According to the newly published US customs report for 2017, the number of confiscated counterfeits increased significantly last year. The officials also noted a notable increase in enforcement actions. Particularly affected were the fashion and electronics industries.
Author: Dr Steffen Scheibenstock, International Product & Market Manager at tesa scribos
According to the latest report of the US Customs and Border Protection (CBP), the number of counterfeits seized in 2017 increased by around 8% compared to the previous year, i.e. from approx. 31,600 to approx. 34,200 articles. At the same time, the value of the confiscated counterfeits fell slightly, from around 1.4 billion US dollars in 2016 to around 1.2 billion US dollars in 2017.
The number of enforcement measures to protect intellectual property in the USA also increased significantly last year by around 12%. Among other things, the US authorities have for example arrested around 460 suspects, brought charges in nearly 290 cases, and obtained more than 240 convictions in relation to IP infringements in just 12 months.
“Products that infringe US trademarks and copyrights […] threaten the health and safety of American consumers and pose risks to our national interests,” explains the Department of Homeland Security (DHS), under which the CBP operates. “The components within the DHS remain vigilant in targeting shipments containing IPR-infringing goods, levying civil fines and criminally investigating those who seek to violate our trade laws, harm our people and damage our economy.”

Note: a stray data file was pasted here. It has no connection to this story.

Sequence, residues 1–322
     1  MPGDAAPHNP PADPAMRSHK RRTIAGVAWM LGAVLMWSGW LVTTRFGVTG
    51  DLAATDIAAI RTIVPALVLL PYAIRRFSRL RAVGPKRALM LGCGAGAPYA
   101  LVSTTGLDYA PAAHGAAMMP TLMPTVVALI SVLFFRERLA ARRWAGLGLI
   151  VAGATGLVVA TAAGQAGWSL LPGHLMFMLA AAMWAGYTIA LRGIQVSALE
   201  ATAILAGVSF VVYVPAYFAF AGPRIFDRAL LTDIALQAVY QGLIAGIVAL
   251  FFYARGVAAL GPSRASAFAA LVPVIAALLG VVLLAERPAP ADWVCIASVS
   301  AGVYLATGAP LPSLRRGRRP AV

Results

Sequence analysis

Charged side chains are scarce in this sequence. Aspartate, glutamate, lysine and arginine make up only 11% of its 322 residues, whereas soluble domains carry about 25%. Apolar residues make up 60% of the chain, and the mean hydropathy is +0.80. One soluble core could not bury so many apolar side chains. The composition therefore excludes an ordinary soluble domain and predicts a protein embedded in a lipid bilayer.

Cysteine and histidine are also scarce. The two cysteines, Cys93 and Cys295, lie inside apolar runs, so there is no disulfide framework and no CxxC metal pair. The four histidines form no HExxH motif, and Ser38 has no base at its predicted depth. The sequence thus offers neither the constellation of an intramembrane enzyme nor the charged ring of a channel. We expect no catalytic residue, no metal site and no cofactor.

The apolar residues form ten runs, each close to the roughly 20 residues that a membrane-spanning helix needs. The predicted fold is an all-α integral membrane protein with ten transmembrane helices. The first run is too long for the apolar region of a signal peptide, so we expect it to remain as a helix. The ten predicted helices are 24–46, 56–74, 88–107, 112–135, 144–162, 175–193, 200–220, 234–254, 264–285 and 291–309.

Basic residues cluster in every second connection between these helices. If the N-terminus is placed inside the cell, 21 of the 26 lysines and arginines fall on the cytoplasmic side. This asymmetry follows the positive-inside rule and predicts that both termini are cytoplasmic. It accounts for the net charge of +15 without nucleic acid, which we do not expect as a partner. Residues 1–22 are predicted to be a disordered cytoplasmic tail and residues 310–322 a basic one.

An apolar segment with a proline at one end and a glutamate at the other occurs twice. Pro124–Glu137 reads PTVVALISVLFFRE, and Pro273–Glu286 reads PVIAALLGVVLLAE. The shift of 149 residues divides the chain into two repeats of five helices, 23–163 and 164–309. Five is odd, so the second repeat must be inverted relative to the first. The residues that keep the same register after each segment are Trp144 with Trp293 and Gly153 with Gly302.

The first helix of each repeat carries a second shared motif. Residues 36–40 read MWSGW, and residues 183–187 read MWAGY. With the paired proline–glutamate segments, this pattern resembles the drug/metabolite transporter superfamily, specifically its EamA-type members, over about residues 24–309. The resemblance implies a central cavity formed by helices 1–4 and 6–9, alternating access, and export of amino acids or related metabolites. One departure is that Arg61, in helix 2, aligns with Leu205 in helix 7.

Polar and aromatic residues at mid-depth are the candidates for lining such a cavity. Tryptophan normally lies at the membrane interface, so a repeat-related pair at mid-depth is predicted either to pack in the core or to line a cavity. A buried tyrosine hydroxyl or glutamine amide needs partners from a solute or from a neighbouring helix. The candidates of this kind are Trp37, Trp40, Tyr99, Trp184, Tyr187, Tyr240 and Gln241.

With a total of around 87%, most of the counterfeits seized in 2017 came from China and Hong Kong. The high 89% share of small postal items was once again striking; for customs, this is due to the booming Internet trade.
The most counterfeited products in the US during the last year include clothing and accessories (15%), jewelry and watches (13%), shoes and shoe accessories as well as electronics (12% each). Counterfeit medicines and hygiene products accounted for around 6% of all goods confiscated by customs in 2017.
In addition to IP enforcement measures, the US authorities also launched several communications campaigns last year to raise awareness of the negative consequences of counterfeiting. For example, a comprehensive campaign to draw international travelers’ attention to the legal, economic, and health effects of counterfeiting aimed at reducing the amount of imported counterfeit goods.
With advertising banners at major airports and ads on numerous travel websites, the authorities reached an estimated 97 million people.
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US CBP; Securing Industry
Article created in cooperation with the Anti-Piracy Analyst, March 2018 edition